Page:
Thesaurus.com– For copywriting and freelance writing.

Google Spreadsheets– I love the data sorting, making pretty graphs, and abililty to use spreadsheets for everything. Hack- once you name a spreadsheet, it goes in your history and you can just start typing the name to pull it back up. So easy.

Communities

Quibb- Usually startup news, but loads of smart people are active here. I follow Nir Eyal and look at whatever is on the home page.

Twitter– I don’t follow a lot of people, so I try to keep up with those I do follow. I also follow some great lists.

Medium– Love the stories and points of view you don’t find anywhere else. Wish I didn’t have to see sports related articles ever on Medium, 🙁

Linkedin- Been very active here. Once you find great people to connect with, and follow, like Ian Lurie, it’s a great platform to get news and network.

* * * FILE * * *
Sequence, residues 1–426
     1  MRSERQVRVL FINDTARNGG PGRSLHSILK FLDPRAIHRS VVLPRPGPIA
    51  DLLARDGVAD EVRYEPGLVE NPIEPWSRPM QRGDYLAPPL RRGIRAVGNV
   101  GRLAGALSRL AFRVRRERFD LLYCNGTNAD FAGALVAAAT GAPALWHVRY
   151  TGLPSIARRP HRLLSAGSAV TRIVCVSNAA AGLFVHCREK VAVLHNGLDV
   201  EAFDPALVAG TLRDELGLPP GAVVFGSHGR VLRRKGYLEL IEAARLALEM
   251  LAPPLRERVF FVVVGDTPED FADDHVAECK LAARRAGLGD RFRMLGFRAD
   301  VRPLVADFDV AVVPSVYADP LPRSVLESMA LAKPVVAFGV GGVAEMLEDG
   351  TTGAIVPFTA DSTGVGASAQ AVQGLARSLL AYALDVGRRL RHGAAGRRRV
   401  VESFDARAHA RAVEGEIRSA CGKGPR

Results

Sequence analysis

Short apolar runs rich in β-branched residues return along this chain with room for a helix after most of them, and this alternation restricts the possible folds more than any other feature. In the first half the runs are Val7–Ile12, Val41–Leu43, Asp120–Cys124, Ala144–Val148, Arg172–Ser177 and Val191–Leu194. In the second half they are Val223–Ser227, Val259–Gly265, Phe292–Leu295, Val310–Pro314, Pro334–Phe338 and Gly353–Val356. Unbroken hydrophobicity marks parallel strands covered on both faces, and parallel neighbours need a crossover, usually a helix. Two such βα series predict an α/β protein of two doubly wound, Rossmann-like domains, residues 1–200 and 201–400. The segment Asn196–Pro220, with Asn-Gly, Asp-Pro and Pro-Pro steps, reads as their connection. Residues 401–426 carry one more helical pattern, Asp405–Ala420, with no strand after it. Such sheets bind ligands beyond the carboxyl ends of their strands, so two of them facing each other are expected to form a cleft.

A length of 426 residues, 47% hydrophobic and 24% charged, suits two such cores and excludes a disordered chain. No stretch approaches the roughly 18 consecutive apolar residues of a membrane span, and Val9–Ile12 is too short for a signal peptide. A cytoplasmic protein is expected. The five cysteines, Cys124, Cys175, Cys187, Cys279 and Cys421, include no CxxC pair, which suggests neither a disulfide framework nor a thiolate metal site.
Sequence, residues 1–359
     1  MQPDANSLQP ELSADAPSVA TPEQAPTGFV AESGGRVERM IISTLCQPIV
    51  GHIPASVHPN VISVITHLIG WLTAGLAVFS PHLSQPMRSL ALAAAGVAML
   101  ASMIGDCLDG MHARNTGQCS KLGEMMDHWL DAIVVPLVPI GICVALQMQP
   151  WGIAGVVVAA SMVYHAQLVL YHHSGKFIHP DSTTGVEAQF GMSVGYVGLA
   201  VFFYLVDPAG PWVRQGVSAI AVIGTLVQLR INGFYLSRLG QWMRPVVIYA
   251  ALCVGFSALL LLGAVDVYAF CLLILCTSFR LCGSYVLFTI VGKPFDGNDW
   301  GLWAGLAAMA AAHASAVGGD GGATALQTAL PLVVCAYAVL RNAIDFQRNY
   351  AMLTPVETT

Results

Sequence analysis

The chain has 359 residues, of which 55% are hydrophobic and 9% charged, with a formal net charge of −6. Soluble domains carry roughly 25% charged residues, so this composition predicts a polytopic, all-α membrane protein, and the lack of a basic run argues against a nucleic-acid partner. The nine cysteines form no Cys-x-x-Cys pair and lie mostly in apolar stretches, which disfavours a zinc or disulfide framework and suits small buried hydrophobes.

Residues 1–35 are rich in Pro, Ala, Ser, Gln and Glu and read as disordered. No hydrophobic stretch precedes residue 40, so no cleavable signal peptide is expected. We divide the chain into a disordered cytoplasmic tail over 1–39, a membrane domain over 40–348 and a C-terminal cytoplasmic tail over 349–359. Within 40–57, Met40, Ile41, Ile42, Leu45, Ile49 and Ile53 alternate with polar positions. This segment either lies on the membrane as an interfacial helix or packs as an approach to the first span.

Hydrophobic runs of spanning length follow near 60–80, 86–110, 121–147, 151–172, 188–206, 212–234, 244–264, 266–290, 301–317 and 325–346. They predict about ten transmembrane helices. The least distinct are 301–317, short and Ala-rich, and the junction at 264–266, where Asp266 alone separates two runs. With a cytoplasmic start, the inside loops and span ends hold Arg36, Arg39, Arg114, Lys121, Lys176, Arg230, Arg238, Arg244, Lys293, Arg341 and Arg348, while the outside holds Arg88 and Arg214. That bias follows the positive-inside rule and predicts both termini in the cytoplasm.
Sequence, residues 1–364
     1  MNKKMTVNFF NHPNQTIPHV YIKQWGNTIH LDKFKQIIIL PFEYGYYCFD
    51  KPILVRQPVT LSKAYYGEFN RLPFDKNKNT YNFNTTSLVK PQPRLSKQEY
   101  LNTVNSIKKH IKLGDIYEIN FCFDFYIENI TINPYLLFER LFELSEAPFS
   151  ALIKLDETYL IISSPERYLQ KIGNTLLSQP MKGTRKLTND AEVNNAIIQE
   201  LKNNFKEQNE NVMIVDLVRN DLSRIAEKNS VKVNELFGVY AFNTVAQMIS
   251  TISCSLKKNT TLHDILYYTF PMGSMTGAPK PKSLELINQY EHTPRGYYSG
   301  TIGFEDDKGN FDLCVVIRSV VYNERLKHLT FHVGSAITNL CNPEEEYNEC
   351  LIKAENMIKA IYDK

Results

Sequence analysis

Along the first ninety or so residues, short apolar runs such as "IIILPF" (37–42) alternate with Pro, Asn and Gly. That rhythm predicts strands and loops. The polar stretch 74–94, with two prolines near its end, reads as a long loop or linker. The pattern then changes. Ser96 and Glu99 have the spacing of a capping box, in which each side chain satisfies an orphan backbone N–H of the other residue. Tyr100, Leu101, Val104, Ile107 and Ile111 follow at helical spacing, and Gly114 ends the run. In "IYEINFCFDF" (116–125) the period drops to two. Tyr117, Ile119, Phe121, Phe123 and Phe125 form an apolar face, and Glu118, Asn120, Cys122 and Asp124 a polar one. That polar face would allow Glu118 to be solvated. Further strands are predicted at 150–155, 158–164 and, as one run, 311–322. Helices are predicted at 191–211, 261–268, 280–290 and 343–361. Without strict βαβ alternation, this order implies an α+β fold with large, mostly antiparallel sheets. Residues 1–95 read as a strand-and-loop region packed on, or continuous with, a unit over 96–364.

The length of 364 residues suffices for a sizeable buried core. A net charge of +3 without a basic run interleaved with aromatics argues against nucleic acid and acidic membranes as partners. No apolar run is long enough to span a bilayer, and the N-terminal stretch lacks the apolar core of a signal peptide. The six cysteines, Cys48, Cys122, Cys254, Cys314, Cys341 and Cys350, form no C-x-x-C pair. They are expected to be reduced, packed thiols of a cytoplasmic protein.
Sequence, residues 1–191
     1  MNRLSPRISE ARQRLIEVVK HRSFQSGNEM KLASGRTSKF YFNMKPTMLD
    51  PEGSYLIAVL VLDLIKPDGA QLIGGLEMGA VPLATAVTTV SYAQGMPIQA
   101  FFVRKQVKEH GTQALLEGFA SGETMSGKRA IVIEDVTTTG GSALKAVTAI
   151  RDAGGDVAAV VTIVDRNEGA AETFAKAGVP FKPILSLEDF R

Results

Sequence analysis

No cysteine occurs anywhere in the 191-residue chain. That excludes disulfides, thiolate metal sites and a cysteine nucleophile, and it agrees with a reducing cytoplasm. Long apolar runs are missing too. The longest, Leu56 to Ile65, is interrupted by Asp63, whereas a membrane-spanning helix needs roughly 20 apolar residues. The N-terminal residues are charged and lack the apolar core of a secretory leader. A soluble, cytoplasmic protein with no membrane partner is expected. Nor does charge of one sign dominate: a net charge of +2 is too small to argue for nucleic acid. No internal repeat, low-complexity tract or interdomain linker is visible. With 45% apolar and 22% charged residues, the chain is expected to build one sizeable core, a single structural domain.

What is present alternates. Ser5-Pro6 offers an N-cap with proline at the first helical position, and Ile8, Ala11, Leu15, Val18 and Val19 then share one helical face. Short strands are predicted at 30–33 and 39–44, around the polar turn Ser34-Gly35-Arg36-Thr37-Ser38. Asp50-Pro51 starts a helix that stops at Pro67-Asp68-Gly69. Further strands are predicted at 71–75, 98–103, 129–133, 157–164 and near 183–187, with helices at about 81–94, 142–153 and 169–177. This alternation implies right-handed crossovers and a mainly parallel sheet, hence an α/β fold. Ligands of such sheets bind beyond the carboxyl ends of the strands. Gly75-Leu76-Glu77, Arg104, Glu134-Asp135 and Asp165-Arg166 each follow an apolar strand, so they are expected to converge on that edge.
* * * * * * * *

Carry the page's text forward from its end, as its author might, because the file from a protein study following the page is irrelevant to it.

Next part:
Facebook– Some of my friends from past clients are active in a chat group, so I visit with them there. Otherwise I only use it for personal relationships. I have secret settings for everyone I know professionally that I set on Facebook, it allows me to accept people as friends even if I don’t know them well, yet keep my personal info private. *Don’t be offended if we are friends there, or not, I have kids, have to be careful.

Inbound– Yes, I used to work here. I love the community, meet a lot of people here, and the networking opportunities are insane!!

Reddit– Joined some of the marketing subreddits, to start network there, especially after reading about how Sol Orwell turned his involvement on Reddit into a 7 figure business.

Chrome Extensions

Colorzilla– Chrome extension that shows me the hex color of any point in my browser. I’ve used it for years, and while I’m not a designer it comes in handy for using on Canva and other sites.